Everyone was all right, then. That was the main thing. Even the deer was all right. She had been so sure it would die, that it would come through the windshield, sharp hooves flailing at her head, and she would die, too. There were always deer on the roads in fall. They wandered from field to field, grazing on stubble and hay bales, gorging themselves before winter. She had forgotten.
The car door was wide open, and at last the windshield was completely clear. Liz buckled up, then eased her foot onto the gas pedal. The wheels turned, and there was a skin-crawling scrape of metal against rock as the car ground forward. She'd never damaged a car before, not enough to notice, anyway. Had she got the extra insurance? Twelve dollars for peace of mind, the clerk at the airport rental desk had said. She must have got it. Still, they'd be angry.
At jogging pace, she drove until she came to a bend where the road curved to follow the largest of the three creeks. For anyone reading a map, it was still Creek Road from here on in, but locally it had always been known as Robb's Road. It was narrow, darkened by Manitoba maples that filled the ditches and nearly met overhead. When she and her brother and cousins were children, it had seemed like part of their own land. They'd walked or ridden their bikes or horses right down the middle, surprised, and a little indignant, if cars came along raising dust and expecting space.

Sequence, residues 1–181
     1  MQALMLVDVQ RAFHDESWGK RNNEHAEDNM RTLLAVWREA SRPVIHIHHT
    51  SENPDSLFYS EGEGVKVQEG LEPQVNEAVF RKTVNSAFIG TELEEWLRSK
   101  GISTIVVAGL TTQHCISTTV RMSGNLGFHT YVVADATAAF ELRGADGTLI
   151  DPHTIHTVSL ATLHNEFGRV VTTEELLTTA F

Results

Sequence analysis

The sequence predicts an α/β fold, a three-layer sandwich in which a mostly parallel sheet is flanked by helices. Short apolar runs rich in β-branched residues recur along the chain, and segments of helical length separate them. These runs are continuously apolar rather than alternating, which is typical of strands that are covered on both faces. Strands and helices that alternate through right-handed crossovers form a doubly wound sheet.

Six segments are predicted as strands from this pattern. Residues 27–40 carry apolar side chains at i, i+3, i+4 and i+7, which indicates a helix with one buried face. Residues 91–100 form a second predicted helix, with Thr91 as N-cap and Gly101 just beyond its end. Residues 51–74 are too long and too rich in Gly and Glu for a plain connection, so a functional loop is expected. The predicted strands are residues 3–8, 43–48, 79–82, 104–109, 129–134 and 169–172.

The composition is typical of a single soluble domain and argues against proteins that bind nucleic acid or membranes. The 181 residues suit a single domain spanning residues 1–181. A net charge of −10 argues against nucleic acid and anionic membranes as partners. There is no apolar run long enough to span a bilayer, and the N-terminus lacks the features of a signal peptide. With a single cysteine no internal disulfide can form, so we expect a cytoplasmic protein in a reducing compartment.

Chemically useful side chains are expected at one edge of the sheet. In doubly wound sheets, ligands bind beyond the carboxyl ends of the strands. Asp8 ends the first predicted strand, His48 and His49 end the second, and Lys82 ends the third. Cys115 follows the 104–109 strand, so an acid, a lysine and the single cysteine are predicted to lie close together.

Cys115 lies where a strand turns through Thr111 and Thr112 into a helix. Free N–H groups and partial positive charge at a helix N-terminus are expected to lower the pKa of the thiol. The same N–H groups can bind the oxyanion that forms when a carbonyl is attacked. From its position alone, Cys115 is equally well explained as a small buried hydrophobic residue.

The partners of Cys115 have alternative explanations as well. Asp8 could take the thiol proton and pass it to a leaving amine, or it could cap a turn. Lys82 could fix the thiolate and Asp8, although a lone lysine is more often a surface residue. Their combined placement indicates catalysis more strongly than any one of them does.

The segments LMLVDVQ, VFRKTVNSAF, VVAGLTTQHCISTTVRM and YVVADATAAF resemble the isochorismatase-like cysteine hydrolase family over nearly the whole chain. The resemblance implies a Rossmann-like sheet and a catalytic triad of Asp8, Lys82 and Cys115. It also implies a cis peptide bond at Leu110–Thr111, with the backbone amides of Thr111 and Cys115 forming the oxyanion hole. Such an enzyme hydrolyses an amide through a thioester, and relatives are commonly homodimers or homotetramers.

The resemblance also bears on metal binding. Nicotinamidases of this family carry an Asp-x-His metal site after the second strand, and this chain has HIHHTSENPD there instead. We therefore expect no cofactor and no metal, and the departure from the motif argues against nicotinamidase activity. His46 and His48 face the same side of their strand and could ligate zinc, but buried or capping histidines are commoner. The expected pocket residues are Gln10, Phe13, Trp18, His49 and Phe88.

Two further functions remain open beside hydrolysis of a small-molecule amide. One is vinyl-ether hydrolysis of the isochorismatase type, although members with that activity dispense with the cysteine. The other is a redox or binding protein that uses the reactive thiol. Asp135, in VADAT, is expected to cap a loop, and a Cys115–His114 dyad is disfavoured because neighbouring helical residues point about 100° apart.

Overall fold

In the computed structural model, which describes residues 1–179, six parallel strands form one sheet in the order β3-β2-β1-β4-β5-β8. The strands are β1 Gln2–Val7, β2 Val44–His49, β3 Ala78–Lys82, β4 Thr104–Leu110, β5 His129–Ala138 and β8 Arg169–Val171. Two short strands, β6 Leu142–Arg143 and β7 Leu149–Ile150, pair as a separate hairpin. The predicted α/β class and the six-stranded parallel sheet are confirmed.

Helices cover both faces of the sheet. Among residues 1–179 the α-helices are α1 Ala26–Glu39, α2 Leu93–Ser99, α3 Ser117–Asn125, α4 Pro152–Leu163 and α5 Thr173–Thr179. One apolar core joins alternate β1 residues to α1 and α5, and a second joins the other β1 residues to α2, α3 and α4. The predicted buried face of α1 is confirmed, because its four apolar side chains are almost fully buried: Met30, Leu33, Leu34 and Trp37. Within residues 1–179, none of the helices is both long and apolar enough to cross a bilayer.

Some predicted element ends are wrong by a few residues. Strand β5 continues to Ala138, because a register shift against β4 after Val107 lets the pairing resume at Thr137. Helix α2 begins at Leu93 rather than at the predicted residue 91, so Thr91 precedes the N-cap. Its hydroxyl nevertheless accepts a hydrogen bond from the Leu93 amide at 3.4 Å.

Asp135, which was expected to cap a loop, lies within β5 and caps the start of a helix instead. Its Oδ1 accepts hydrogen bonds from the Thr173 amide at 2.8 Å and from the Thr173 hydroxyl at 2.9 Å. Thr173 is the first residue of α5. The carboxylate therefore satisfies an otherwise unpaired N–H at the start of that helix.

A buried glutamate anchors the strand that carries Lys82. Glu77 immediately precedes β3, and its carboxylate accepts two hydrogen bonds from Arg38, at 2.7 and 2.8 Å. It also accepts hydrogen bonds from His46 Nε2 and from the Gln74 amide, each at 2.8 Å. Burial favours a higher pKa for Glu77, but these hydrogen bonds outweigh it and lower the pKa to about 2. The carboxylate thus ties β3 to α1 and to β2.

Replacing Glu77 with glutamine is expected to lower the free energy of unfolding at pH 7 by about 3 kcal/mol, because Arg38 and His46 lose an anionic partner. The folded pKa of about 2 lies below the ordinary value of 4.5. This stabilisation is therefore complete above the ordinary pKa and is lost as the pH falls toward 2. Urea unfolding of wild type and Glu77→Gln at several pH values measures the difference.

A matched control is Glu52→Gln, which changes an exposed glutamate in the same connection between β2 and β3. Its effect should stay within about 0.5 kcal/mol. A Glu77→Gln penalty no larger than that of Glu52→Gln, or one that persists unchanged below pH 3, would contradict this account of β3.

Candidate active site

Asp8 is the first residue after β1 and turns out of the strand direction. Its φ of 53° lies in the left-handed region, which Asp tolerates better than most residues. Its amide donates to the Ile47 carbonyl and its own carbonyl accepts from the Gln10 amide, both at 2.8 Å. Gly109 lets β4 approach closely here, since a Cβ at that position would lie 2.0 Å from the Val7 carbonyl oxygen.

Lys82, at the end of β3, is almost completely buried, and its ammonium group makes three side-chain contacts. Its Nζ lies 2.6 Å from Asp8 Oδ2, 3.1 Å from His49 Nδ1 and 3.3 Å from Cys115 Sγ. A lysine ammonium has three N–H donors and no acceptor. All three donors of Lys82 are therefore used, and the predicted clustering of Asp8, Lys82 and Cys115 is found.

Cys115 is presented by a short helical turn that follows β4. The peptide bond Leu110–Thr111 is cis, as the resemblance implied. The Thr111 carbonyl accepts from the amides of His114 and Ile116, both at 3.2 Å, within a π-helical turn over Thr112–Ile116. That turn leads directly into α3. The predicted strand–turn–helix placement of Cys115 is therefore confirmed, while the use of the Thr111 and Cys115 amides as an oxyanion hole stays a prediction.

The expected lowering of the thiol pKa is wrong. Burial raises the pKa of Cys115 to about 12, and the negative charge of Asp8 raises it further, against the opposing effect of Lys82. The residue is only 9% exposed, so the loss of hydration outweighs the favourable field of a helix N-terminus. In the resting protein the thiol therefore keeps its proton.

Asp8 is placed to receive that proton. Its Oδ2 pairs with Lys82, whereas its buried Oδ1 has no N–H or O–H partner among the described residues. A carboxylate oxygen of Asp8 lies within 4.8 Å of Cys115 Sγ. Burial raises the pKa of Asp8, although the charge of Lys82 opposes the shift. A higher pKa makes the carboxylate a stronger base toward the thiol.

The woods thinned, and the house came into view. Her grandmother had made sure she couldn't miss it: two stories of light glowed through the maples and elms in the yard, tall narrow windows and a wide front entrance beckoning. As she turned into the driveway something emerged from the lilac bushes, a large, slow-moving shape that divided into two as it drew nearer. Black labs. There had always been black labs at Grandma's, quiet dignified dogs who kept a careful eye on visitors. If they knew you, their dignity fell away and they brought sticks and fallen crab apples for you to throw. These two didn't know Liz. They trotted ahead of the car, out of the way, but watching.
"This is so weird," she whispered. An odd, disjointed feeling had come over her, as if there were a fold in time, as if the past and present occupied the same space. She could see herself at five, at ten, at fifteen all coming up the driveway with her now, all greeted by the dogs. Like the Twilight Zone. That couldn't be good. The Twilight Zone never had a happy ending.